Good Intentions

So, we’re well and truly on the way with 2019 and I hope it’s a year that brings you much to feel pleased about.

I’m feeling optimistic – that new year/ fresh start optimism.

Usually, I’m happy to put the old year behind me. Closing the door on those Good Intentions Not Quite Reached and Lofty Goals Squished as the bullet train of life whizzed from Plenty-of-time-January to I’ll-never-do-it-all-April and beyond.

This year my optimism comes from doing the opposite. 

I decided to hold open the door on 2018 to have a better look.

After all, last year brought this one into existence. What happened then will influence what comes next.

So, instead of setting goals, I’ve been reading my journals.

Not in a ‘Disappear for 48 hours to ponder my navel’ way. I just looked over my goals from this time last year and, more importantly, skimmed through what happened over the course of the year.

It’s helped me see that 2018 was a Stretch Year (yes, capitals needed).

When I set my goals last year, I had high expectations. I’d taken on my first management role in my first full-time job for years. I had great plans for what I would achieve. And despite what I knew would be a heavy workload, I also planned to continue with my writing and content coaching side project.

Oh January, what a sorceress you are for convincing us that all things are possible, at the very same time.

Because the year that looked so manageable from afar turned into a wild ride on a bucking bronco (not at all like my gentle weekly plods on darling Jess).Jess and Sherene

 

My goals were flung to the ground by April but I spent the rest of the year blaming myself for being lazy, disorganised, talentless. It felt awful – and it’s how I would have ended the year if I hadn’t pulled out my journals.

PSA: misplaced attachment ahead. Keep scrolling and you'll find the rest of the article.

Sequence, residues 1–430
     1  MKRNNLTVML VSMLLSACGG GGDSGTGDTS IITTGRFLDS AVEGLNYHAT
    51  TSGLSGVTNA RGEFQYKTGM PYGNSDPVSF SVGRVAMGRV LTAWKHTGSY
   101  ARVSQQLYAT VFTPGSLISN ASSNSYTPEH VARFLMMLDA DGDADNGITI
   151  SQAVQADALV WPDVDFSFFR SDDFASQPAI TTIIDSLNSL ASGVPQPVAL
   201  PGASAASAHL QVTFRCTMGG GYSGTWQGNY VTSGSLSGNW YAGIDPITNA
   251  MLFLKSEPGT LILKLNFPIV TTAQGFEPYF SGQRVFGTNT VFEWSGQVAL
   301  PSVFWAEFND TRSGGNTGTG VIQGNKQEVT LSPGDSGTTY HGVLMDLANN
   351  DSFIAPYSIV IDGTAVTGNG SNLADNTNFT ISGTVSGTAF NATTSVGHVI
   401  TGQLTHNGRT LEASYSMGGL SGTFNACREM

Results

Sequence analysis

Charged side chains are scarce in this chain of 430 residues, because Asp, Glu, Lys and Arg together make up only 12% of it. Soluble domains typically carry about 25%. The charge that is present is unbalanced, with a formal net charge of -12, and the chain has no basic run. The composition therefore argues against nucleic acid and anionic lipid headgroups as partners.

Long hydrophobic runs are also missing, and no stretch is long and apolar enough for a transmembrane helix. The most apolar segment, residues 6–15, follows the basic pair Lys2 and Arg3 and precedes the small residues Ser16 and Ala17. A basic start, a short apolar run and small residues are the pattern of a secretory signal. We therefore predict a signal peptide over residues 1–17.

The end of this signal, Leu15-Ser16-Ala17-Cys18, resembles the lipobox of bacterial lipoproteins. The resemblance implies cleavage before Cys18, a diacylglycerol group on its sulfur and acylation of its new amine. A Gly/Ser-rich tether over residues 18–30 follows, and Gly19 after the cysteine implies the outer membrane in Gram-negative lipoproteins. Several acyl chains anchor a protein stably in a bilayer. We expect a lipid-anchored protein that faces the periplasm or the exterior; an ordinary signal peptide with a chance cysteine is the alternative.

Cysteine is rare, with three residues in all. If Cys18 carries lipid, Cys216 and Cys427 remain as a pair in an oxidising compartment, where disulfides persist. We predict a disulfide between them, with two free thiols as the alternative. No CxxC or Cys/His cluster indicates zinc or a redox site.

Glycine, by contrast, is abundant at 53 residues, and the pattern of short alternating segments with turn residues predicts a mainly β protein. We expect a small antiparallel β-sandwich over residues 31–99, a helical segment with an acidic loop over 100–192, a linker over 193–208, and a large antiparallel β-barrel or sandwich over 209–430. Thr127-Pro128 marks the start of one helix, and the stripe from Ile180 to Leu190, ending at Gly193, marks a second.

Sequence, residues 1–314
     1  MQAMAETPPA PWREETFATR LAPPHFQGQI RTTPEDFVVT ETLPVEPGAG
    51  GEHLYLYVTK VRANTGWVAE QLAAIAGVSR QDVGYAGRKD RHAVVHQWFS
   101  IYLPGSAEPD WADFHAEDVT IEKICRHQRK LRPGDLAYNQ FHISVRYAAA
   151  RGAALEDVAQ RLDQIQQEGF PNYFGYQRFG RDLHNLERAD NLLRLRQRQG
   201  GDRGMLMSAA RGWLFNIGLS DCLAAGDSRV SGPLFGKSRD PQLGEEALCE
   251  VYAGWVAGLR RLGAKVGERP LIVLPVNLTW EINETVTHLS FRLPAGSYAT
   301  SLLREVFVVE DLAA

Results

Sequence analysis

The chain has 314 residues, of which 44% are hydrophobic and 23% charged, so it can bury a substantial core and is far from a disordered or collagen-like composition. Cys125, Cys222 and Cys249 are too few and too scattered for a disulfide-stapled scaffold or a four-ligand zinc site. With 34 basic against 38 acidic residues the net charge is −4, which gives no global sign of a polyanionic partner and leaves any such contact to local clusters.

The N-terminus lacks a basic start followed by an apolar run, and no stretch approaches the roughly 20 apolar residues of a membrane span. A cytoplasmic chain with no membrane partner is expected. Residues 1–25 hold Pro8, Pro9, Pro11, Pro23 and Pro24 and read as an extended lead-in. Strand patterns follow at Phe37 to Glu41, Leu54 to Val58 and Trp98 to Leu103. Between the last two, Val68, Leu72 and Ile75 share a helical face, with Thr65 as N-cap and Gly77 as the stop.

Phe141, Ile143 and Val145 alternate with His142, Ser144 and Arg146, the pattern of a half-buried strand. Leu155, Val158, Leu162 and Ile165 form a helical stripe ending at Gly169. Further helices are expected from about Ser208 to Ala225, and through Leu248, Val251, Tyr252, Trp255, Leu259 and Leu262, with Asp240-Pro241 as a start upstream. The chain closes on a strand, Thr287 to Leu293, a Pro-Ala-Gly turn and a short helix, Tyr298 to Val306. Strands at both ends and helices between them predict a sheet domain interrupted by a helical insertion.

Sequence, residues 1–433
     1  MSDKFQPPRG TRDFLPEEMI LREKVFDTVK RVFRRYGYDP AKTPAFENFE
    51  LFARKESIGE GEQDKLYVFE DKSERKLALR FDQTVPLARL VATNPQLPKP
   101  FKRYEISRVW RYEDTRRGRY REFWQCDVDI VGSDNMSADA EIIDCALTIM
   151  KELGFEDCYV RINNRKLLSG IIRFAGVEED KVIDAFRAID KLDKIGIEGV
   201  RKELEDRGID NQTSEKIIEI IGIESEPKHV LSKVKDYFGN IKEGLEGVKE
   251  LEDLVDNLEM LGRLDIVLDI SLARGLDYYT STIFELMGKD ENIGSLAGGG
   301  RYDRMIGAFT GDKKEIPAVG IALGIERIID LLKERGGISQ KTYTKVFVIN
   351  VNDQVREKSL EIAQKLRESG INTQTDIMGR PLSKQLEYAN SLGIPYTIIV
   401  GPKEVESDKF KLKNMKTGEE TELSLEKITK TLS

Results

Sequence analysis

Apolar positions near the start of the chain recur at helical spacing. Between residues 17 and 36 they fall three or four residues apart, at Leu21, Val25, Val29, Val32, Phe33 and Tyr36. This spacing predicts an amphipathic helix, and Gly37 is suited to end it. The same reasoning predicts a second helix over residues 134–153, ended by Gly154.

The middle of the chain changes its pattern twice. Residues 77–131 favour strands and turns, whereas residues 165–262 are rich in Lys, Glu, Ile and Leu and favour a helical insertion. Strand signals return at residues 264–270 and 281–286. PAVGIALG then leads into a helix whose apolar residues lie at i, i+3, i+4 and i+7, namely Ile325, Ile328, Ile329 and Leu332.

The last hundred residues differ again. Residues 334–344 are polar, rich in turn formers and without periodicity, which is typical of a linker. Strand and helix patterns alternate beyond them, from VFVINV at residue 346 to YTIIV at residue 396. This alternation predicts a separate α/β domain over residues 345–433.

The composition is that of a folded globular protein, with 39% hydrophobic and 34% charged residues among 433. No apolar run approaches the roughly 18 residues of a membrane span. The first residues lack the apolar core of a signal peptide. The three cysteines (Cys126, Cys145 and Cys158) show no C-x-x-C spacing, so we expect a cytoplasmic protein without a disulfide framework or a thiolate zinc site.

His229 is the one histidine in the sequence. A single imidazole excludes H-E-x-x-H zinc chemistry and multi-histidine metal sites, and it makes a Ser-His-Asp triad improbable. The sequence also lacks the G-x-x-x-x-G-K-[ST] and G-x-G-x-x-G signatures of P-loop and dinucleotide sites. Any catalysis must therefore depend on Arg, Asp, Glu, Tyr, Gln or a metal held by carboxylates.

Reading back on my entries brought a new perspective. With the benefit of hindsight (don’t we all wish we had that superpower?), I could see that the same things that disrupted my goals also led me to stretch and grow in ways that I couldn’t have foreseen when I set those goals…

  • At work, the pressures of the job caused plenty of headaches but they also forced me to step up. I learned new skills, improved existing ones and have begun developing the professional persona I want to project. 
  • At home, looking back on the challenges I faced made me realise I had been trying to listen more and react less. I’m proud to say that some of the time, I managed to achieve both.

I didn’t fail in 2018; I just failed to predict the future and base my goals on that.

So, this January – no goals, just an intention to be more aware of what happened in 2018 so it can be a good influence on 2019.

Which brings me to the takeaways… 

  • Writing is not just for meeting business goals or achieving creative satisfaction.
  • Writing can be for us – a mighty ally in negotiating what’s often a demanding journey of life.

My journal gave me more useful information in judging how I did last year than I would have got by just measuring myself against unachieved goals. And it made me kinder to myself.

Maybe journaling is an unacknowledged superpower?

In 2019, I’m going to explore journaling: what it is, who uses it, how it can help (and what’s the evidence) and how to do it better. It will be one of my areas of focus and I’ll write up what I learn.

Because that’s been another realisation from journaling – I’m an explorer who likes to share my discoveries. I’m looking forward to sharing them with you.

The inspiration for this blog post came from a quote from Albert Einstein: 

‘For us who are convinced physicists, the distinction between      past, present, and future is only an illusion, however persistent.”

I read it in this article by Sean M. Carroll from The Smithsonian Magazine, ‘What does New Year even really mean?’

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